When we moved to Driftwood, back in 2004, there were three fruit trees in the garden, an unknown large apple, tree right at the top, near the studio, along with two pear trees, which I believe were Conference pears.

When creating the current garden layout, the smaller of the two pear trees had to go.

Over the years I have also planted a fig tree, a Cox’s Orange Pippin tree and two grape vines.

This year seems to have been a good year for apples, both trees producing lots of fruit.

The pickings from the main tree tend to be quite tart and I always peel and poach the fruit, then freeze, to use in pies and crumbles through the winter months.

They always taste much better if some wild blackberries, picked from the many hedgerows close by on Tide Mills are added to the mix too.

I’ve never ever seen a squirrel in the garden in all the years we’ve lived here but only the other day, I was puzzled over what had been eating some of the larger apples on the tree.

It was obviously not birds from the size of the bites. Then, a lone squirrel dashed across the garden into the large conifer on the other side.

It is not possible to stop squirrels from entering a garden and it is usually necessary to accept and tolerate their presence or even appreciate their acrobatic antics, so I’m obviously going to have to get used to them if more appear.

The other problem with this tree is that it stands over our tortoise pen, so I need to try and ensure none are left to rain down on poor Hector below.

The small Cox’s Orange Pippin has not produced much fruit in the past, it was planted in about 2013.

We’ve probably picked over 25 apples from it this year and have found them slightly tart, so I may have picked a little bit early.

Gardens opening for the National Garden Scheme are getting a little thin on the ground now as all close for the winter months.

There are just a few remaining to mention through October, then it will be a wait until the new year, when the early openers begin with snowdrop and hellebore gardens, from late January.

This weekend, visit High Beeches Woodland and Water Garden in Handcross, near Haywards Heath. It’s open, tomorrow, October 2, from 1pm through until 5pm. Entry is £9 with children free.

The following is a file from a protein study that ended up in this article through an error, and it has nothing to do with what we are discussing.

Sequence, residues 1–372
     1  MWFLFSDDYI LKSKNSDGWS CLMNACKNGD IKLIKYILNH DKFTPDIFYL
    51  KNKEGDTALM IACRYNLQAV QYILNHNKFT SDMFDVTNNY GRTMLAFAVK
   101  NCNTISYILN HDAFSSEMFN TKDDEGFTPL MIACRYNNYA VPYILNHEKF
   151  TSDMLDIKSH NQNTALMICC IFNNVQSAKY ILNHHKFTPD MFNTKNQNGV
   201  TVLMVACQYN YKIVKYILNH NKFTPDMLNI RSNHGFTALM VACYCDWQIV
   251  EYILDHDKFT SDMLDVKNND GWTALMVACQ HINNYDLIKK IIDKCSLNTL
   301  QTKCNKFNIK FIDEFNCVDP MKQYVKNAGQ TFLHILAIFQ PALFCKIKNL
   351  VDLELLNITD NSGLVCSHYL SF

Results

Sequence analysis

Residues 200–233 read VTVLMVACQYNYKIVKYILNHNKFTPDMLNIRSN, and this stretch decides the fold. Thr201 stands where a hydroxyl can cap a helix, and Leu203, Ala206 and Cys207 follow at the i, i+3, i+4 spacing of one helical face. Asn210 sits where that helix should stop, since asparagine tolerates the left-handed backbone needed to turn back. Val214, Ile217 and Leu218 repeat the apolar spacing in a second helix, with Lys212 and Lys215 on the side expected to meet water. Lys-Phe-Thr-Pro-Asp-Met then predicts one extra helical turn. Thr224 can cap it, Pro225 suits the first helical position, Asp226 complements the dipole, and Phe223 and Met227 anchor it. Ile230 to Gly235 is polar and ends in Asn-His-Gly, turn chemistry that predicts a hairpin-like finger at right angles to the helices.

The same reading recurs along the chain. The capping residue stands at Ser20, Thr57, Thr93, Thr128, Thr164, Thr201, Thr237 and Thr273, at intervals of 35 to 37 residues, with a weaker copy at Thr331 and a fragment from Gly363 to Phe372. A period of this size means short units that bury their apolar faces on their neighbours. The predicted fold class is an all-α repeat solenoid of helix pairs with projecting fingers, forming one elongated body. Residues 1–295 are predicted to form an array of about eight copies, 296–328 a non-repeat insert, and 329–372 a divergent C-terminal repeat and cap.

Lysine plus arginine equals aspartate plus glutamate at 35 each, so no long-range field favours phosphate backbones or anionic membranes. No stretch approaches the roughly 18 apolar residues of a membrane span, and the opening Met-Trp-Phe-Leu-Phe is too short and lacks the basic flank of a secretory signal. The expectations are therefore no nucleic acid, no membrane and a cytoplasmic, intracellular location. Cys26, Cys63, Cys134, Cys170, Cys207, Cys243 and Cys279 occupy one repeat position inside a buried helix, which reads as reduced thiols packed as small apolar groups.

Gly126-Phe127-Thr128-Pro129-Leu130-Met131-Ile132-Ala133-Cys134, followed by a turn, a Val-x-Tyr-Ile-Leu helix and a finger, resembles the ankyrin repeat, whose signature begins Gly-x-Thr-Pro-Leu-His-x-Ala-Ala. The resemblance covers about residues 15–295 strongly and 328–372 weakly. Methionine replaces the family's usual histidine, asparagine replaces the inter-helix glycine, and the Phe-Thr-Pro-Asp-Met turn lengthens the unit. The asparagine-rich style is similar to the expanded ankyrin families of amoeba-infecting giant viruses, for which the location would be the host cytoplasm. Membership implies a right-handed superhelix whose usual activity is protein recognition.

There are 25 acres of enchanting landscaped woodland and water gardens, full of glorious autumn colours.

Also open on October 4 is Peelers Retreat at 70 Ford Road in Arundel, from 2pm to 5pm with entry £5. This inspirational garden is a delight and has a flare for the unusual and interlocking beds packed with year-round interest.

Full details on both gardens can be found at www.ngs.org.uk

Other fruit in my garden are grapes and figs.

The former is not really suitable for eating as they are very small and contain pips.

To be honest, we were given the vine and I grew it along the side of the shed, primarily to conceal and soften its impact on the garden.

I have to confess to having a go at making grape jelly one year but the sheer frustration of having to sieve out all the pips made the whole process rather tedious and one not to be repeated.

That said, the end product was quite tasty and made perfect small, additional Christmas gifts.

Now, I tend to leave the fruit for the birds.

The latter is a fig tree I purchased at an open garden, probably ten years or so ago now.

The tree started life in a small container and has now been in the ground for five or six years.

Figs are very fast growing and I need to keep control over it, so that it does not dominate the rear garden at Driftwood too much.

They can be kept small by pruning them, allowing them to be grown in the smallest of gardens. Do be mindful though that the sap of certain figs can be a skin irritant, so be sure to wear gloves when pruning.

Last year the tree was so large I had to cut it right back which has meant I have not seen as much fruit on it this summer, just a few small pieces.

After pruning the fruits will begin to grow on the new shoots, as mine are now.

They will be pea-sized by late summer, and will remain on the plant throughout the autumn and winter, as long as they are protected from frost.

Hopefully, these overwintered fruitlets will, when spring comes around again begin to grow and ripen.

Read more of Geoff’s garden at www.driftwoodbysea.co.uk